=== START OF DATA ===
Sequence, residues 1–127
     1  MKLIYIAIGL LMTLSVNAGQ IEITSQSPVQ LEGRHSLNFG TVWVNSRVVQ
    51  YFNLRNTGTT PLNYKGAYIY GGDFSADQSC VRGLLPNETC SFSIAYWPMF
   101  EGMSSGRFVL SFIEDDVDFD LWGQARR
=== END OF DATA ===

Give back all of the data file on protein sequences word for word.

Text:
Sequence, residues 1–127
     1  MKLIYIAIGL LMTLSVNAGQ IEITSQSPVQ LEGRHSLNFG TVWVNSRVVQ
    51  YFNLRNTGTT PLNYKGAYIY GGDFSADQSC VRGLLPNETC SFSIAYWPMF
   101  EGMSSGRFVL SFIEDDVDFD LWGQARR